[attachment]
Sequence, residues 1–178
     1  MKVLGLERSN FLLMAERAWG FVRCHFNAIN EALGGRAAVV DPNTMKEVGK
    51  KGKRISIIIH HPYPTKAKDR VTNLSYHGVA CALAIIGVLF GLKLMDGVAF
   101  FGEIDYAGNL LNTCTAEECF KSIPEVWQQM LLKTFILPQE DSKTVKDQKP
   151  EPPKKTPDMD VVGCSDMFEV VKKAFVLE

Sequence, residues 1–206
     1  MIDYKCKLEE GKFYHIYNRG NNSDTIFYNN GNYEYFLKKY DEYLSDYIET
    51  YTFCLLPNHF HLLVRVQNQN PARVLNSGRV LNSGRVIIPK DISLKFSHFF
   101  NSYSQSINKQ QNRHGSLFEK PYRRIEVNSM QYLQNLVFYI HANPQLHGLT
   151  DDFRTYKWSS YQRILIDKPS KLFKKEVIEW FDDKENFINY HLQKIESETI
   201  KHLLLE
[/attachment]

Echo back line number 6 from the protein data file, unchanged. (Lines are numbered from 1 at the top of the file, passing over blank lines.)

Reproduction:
Sequence, residues 1–206